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Vitamin C and COVID-19 Research Resource

This online resource is an up-to-date repository of published and ongoing vitamin C and COVID-19 research studies and related resources. Contact: Associate Professor Anitra Carr (anitra.carr@otago.ac.nz) if you wish to provide relevant resources or receive further information.
Page last updated: 8 April 2021

In March 2020, the World Health Organization (WHO) published a ‘Coordinated Global Research Roadmap for the 2019 Novel Coronavirus’. In this document vitamin C was highlighted as an adjunctive intervention with biological plausibility to improve the outcome of COVID-19 infected patients (pages 36-7).

Vitamin C and COVID-19 observational studies

Low vitamin C levels can predispose people to viral infections. In addition, viral infections can further decrease vitamin C levels due to enhanced requirements for the vitamin during infections. Below is a summary of COVID-19 and vitamin C observational studies which indicate that patients with COVID-19 have depleted vitamin C status. Definitions: vitamin C deficiency ≤11 µmol/L (<0.2 mg/dL); hypovitaminosis C ≤23 µmol/L (<0.4 mg/dL).

Observational study summaries

Study 1 Vitamin C levels in patients with SARS-CoV-2-associated acute respiratory distress syndrome
Date online 26 August 2020
Location Barcelona Spain
Cohort 18 patients with SARS-CoV-2-associated acute respiratory distress syndrome (ARDS)
Findings 17 patients had <1.5 mg/L (<8.5 µmol/L) vitamin C
1 patient had 2.4 mg/L (14 µmol/L) vitamin C
Reference Chiscano-Camón et al. Crit Care. 2020 24(1):522. doi:10.1186/s13054-020-03249-y

Study 2 Serum levels of vitamin C and vitamin D in a cohort of critically Ill COVID-19 patients of a North American community hospital intensive care unit in May 2020: A pilot study
Date online 18 September 2020
Location Thornton, Colorado, USA
Cohort 21 critically ill COVID-19 patients
Findings Plasma Vitamin C graphTotal cohort (n = 21) mean vitamin C status 22 ± 4 µmol/L (45% deficient, 70% hypovitC)
Survivors (n = 11) mean vitamin C status 29 ± 7 µmol/L (40% deficient, 50% hypovitC)
Non-survivors (n = 10) mean vitamin C status 15 ± 2 µmol/L (50% deficient, 90% hypovitC)
Reference Arvinte et al. Med Drug Discov. 2020 8:100064. doi:10.1016/j.medidd.2020.100064

Study 3 Vitamin C supplementation is necessary for patients with coronavirusdisease: An ultra-high-performance liquid chromatography-tandemmass spectrometry findingYaru
Date online 27 January 2021
Location Shanghai, China
Cohort 31 COVID-19 patients (+/- IV vitamin C) and 51 healthy controls
Findings Plasma Vitamin C graph.6 COVID-19 patients (no IV vitamin C): mean plasma vitamin C level 2 mg/dl (11 µmol/L)
25 COVID-19 patients given 100 mg/kg/d IV vitamin C: mean plasma vitamin C level 13.5 mg/L (76 µmol/L)
51 healthy controls: mean plasma vitamin C level 9.2 mg/L (52 µmol/L)
Reference Xing et al. J Pharm Biomed Anal. 2021, 196:113927. doi: 10.1016/j.jpba.2021.113927

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Vitamin C and COVID-19 intervention trials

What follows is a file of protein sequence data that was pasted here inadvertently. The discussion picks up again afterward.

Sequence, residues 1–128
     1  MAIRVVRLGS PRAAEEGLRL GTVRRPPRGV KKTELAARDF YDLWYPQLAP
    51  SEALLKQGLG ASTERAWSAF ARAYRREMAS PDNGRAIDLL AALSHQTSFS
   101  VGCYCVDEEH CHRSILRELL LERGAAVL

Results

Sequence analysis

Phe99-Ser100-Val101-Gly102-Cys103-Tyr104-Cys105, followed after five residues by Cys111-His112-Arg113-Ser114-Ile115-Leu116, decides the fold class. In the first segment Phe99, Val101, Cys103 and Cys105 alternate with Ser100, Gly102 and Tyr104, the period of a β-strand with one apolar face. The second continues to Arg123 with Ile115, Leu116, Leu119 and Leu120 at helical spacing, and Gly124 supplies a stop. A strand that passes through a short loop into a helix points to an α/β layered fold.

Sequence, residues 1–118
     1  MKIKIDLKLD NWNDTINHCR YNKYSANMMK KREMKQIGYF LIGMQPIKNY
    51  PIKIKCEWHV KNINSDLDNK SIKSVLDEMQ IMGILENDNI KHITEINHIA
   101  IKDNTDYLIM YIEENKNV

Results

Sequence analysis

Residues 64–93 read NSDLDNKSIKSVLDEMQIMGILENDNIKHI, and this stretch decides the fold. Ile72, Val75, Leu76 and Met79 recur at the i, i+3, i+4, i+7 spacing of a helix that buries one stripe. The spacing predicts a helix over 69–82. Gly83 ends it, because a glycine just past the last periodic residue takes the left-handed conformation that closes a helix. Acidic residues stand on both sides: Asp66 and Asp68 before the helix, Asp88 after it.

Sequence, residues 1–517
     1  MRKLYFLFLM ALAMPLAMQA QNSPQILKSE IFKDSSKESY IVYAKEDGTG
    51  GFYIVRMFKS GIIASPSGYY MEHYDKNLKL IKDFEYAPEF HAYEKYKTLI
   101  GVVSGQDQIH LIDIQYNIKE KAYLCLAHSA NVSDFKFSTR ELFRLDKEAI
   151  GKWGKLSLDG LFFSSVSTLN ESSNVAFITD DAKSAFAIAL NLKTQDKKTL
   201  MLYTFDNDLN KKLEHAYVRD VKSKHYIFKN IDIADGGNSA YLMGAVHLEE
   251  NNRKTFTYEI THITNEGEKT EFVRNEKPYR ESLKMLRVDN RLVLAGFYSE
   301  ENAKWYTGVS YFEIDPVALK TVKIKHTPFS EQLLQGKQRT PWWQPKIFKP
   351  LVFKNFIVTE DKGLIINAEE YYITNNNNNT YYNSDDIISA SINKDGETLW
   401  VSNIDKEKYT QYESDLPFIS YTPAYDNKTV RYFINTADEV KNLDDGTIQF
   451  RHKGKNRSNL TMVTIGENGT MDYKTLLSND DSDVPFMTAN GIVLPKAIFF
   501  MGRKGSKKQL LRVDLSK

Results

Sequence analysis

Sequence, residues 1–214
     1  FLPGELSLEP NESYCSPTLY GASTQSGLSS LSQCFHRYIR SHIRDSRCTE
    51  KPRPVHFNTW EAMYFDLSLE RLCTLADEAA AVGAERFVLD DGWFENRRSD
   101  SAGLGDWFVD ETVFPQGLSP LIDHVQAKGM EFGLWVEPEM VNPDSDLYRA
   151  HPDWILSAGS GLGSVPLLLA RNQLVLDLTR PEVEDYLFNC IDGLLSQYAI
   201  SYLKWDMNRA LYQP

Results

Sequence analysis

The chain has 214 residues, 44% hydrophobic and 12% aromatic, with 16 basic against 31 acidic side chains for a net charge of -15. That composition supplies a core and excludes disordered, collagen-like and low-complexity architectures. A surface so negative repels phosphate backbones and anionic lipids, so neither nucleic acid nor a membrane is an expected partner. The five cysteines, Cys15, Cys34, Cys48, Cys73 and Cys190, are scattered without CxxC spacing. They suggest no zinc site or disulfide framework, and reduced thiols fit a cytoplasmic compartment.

Randomised controlled trials (RCTs) of patients with respiratory infections, pneumonia and sepsis have indicated that vitamin C administration may be able to improve some patient outcomes. Critically ill patients with sepsis require intravenous administration of gram doses of vitamin C to normalise their plasma vitamin C levels. Below is a summary of vitamin C and COVID-19 intervention trials which indicate that some symptoms of COVID-19 patients may be improved with vitamin C administration.

Intervention study summaries

Study 1 Pilot trial of high-dose vitamin C in critically ill COVID-19 patients
Date online 9 August 2020
Location Hubei, China (multicentre)
Trial type Randomised placebo-controlled trial
Cohort 54 critically ill COVID-19 patients (27 and 29 per group)
Intervention 24 g/day IV vitamin C (12 g/12 hours) for 7 days (or placebo)
Findings Fig 3 thumbno difference in ventilation-free days (26.5 vs 10.5 days, p = 0.560)
↑ PaO2/FiO2 (229 vs 151 mmHg, p = 0.01)
↓ Interleukin-6 (19.4 vs 158 pg/ml, p = 0.04)
↓ ICU and hospital mortality in patients with SOFA scores ≥3 (4 vs 10 days, p = 0.03)
Notes Trial was stopped early due to lack of patients
Reference Zhang et al. Ann Intensive Care, 2021, 11, 5

Study 2 The role of vitamin C as adjuvant therapy in COVID-19
Date online 30 November 2020
Location Karachi, Pakistan
Trial type Randomised controlled trial (open label)
Cohort 150 severe COVID-19 patients (75 per group)
Intervention 50 mg/kg bodyweight/day IV vitamin C (or standard therapy alone)
Findings

Fig 4 thumbBecame symptom-free earlier (7.1 vs 9.6 days, p <0.0001)
Spent fewer days in the hospital (8.1 vs 10.7 days, p <0.0001)
No difference regarding need for mechanical ventilation (16% vs 20%, p = 0.4)
No difference regarding mortality (9.3% vs 14.6%, p = 0.3)

Reference Kumari et al. Cureus 2020 12(11): e11779. doi:10.7759/cureus.11779

Study 3 Safety and effectiveness of high‑dose vitamin C in patients with COVID‑19: a randomized open‑label clinical trial
Date online 11 February 2021
Location Tehran, Iran
Trial type Randomised controlled trial (open-label)
Cohort 60 patients with COVID-19 (30 per group)
Intervention 6 g/d IV vitamin C (or standard care) for 5 days